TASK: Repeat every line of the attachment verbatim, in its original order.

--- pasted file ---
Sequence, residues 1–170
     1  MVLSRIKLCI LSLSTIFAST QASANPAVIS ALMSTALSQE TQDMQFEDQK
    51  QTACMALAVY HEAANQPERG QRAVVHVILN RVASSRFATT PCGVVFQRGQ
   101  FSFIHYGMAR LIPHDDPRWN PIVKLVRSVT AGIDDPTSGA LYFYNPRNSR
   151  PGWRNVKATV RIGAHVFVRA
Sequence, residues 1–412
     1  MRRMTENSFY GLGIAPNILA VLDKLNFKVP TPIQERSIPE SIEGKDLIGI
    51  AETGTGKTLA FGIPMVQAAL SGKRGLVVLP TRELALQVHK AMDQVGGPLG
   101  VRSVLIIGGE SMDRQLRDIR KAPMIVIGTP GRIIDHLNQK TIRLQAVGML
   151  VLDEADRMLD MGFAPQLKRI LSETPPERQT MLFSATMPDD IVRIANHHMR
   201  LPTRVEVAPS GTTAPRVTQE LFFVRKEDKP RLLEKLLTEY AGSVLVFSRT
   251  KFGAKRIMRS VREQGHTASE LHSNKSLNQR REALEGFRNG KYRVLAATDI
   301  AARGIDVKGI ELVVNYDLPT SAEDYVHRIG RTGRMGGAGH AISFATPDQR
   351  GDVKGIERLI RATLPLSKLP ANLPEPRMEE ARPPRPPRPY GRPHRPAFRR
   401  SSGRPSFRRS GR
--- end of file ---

Sequence, residues 1–170
     1  MVLSRIKLCI LSLSTIFAST QASANPAVIS ALMSTALSQE TQDMQFEDQK
    51  QTACMALAVY HEAANQPERG QRAVVHVILN RVASSRFATT PCGVVFQRGQ
   101  FSFIHYGMAR LIPHDDPRWN PIVKLVRSVT AGIDDPTSGA LYFYNPRNSR
   151  PGWRNVKATV RIGAHVFVRA
Sequence, residues 1–412
     1  MRRMTENSFY GLGIAPNILA VLDKLNFKVP TPIQERSIPE SIEGKDLIGI
    51  AETGTGKTLA FGIPMVQAAL SGKRGLVVLP TRELALQVHK AMDQVGGPLG
   101  VRSVLIIGGE SMDRQLRDIR KAPMIVIGTP GRIIDHLNQK TIRLQAVGML
   151  VLDEADRMLD MGFAPQLKRI LSETPPERQT MLFSATMPDD IVRIANHHMR
   201  LPTRVEVAPS GTTAPRVTQE LFFVRKEDKP RLLEKLLTEY AGSVLVFSRT
   251  KFGAKRIMRS VREQGHTASE LHSNKSLNQR REALEGFRNG KYRVLAATDI
   301  AARGIDVKGI ELVVNYDLPT SAEDYVHRIG RTGRMGGAGH AISFATPDQR
   351  GDVKGIERLI RATLPLSKLP ANLPEPRMEE ARPPRPPRPY GRPHRPAFRR
   401  SSGRPSFRRS GR